When you believe your spouse is cheating on you, or you want more leverage in a divorce, it can be very tempting to consider spousal spying. When you spy on your spouse, you can learn a lot and that can help you in the divorce. The big question is whether or not it is actually legal to do so.

The Electronic Communications Privacy Act prevents a number of forms of spying on someone without their knowledge. The Act creates penalties for any person who intercepts or uses oral or wire communication with an electronic device, or accesses electronic communication while in storage. That may sound somewhat confusing, but the types of communications covered by this act include e-mails, cordless phone and wired telephone interceptions, Voice Over IP, web-streaming video, videotaping conversations or recording them, and much more.

It may seem like it is okay to spy on your spouse if they have given you access to their e-mail or a chat room previously. In this regard, they have given you access to those areas of their life, and they have authorized you to find what you will. Most courts will decide if the information found is admissible on a case-by-case basis. It could be found as implied consent but that being said, you should ensure you talk to your lawyer first.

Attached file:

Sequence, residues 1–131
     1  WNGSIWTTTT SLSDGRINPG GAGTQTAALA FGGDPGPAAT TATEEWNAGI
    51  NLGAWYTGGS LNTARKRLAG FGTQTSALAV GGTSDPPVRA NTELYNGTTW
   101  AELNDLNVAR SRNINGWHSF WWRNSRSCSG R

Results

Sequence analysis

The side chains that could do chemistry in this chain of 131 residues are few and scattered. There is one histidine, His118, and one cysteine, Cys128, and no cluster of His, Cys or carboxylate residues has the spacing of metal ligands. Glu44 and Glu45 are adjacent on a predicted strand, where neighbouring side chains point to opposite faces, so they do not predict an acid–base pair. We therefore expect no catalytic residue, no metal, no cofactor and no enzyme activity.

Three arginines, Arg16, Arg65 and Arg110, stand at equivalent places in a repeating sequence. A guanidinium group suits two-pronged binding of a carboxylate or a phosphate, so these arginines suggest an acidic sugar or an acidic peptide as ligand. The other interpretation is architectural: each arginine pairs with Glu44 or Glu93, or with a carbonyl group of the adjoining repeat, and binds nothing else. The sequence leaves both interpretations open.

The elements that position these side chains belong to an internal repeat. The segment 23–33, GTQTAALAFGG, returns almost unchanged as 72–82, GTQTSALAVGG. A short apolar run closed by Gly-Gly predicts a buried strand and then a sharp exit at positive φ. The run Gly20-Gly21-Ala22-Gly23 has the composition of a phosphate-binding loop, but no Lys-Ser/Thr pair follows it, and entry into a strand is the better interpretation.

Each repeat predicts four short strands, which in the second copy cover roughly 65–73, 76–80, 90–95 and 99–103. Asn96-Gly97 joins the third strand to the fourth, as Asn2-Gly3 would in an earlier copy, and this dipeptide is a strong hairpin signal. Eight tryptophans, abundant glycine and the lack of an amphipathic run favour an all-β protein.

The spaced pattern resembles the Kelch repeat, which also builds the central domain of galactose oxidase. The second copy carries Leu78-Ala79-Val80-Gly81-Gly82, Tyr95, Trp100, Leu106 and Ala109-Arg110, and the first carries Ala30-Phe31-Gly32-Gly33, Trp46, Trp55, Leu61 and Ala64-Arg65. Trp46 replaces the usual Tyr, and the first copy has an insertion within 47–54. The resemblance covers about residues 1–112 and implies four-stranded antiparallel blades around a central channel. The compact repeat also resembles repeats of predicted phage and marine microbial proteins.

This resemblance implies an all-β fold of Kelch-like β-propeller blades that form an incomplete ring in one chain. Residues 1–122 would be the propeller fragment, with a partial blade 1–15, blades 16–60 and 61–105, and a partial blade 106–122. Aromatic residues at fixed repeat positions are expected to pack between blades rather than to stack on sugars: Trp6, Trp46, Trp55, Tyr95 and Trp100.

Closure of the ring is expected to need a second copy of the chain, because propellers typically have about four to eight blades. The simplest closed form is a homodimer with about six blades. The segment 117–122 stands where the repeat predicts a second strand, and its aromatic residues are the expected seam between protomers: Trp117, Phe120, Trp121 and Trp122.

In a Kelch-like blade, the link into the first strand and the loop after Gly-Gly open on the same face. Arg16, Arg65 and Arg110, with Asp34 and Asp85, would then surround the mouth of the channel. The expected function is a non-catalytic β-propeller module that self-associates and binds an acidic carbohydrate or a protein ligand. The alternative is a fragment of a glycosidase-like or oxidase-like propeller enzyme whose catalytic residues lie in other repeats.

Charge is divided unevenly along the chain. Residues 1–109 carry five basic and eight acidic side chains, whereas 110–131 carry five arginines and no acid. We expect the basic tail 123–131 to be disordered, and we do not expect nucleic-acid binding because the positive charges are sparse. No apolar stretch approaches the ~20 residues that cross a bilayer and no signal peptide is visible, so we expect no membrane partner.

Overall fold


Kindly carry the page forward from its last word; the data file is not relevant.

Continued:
You are allowed to record a phone conversation, but only if one person in the conversation is aware that the call is being recorded. That essentially means you cannot record your spouse talking to their lover on the phone, but you can record your spouse talking to you because you are aware that the conversation is being recorded. You also cannot record your spouse talking to your child because this would violate criminal law both on the state and federal level. If you get information through a tapping of a phone, you most likely won’t be able to share it with anyone, in terms of the information you found. You intercepted this information, and that makes it illegal to use.

If your spouse gave you their password to access their e-mail to get a bill at one point, the belief is that the password was given for that purpose and not for any other purpose. If you use that password for anything other than accessing that bill, you could be dealing with some severe criminal consequences. If you read e-mail messages, it will only be prohibited if it is intentional or an unauthorized means. If you accidentally see an e-mail from your spouse to their lover, you can use those contents in the divorce. You cannot if you intentionally looked through messages.

With all of this, you are going to want to make sure you protect yourself as well. Make sure you have firewalls on your computer and password protection on all your e-mail programs. You should also use encryption software to get an added level of security.